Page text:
A second-degree murder charge was filed Thursday against an Oklahoma City man who prosecutors allege was under the influence of drugs when he struck and killed a Yukon businessman in November 2019. Biffle had a previous driving under the influence conviction in Oklahoma County in November 2012, court records show.
Donald Garrett Biffle, 26, was under the influence of methamphetamine and/or amphetamines while driving a tractor-trailer that was on Banner Road, crossing State Highway 66, when he struck Ray Davis, who was on a motorcycle on Nov. 24, the charge filed in Canadian County District Court alleges.
Davis, 73, was a Yukon retail carpet store owner and U.S. Navy veteran.
Since the fatal crash, changes have been made to the Banner Road/SH-66 intersection. The intersection is now a four-way stop with flashing lights in all directions. Large advance warning signs and rumble strips also have been installed.
Biffle had originally been charged with negligent homicide, a misdemeanor punishable by up to one year in prison.
Second-degree murder is punishable by 10 years to life in prison. The defendant faces up to two more years in jail and/or fines totaling $2,000 on drug possession charges.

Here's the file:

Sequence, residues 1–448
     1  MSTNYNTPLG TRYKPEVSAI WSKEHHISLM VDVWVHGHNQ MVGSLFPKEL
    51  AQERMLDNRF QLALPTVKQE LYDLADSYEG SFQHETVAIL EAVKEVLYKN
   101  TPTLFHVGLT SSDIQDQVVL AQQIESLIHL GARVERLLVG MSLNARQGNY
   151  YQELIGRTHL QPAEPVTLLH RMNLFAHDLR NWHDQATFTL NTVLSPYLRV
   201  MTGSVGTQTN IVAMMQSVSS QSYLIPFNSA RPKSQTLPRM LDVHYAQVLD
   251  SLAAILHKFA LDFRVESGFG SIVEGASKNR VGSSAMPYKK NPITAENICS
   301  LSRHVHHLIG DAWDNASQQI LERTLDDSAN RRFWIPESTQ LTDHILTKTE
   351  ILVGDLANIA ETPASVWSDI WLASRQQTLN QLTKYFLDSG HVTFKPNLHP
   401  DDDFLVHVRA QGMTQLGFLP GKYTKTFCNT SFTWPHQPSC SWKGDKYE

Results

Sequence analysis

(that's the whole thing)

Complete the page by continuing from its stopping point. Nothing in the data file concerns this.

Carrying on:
Ray Davis’ daughter, Candy (Davis) Schwarz, is pleased with the Canadian County District Attorney’s decision to file the felony charges against Biffle.
“I’m extremely thankful to anyone and everyone who played a part in pursuing justice for my dad,” Schwarz said Friday. “Thank you to OHP (Oklahoma Highway Patrol) trooper Wallace and Canadian County Assistant District Attorney Eric Epplin for taking all my phone calls, meetings and doing their best to keep me calm while they collected and reviewed evidence.
“More than anything, I want to thank those who stopped and did their best to comfort my dad during his final minutes on this Earth. I’m eternally grateful to them knowing my dad didn’t die alone.”
Schwarz said she looks forward to the day she will finally see Donald Biffle face to face.
“Mr. Biffle’s illegal and careless actions killed my dad. As I’ve said before, I will speak for my dad and that includes to his killer.”
The Oklahoma Department of Transportation, working with Canadian County Commissioners, is considering a permanent safety upgrade at the SH-66/Banner Road intersection.
Top options are to install a roundabout or new signal lights.
The intersection has been the site of several dozen serious accidents, including several fatalities, over the past 25 years.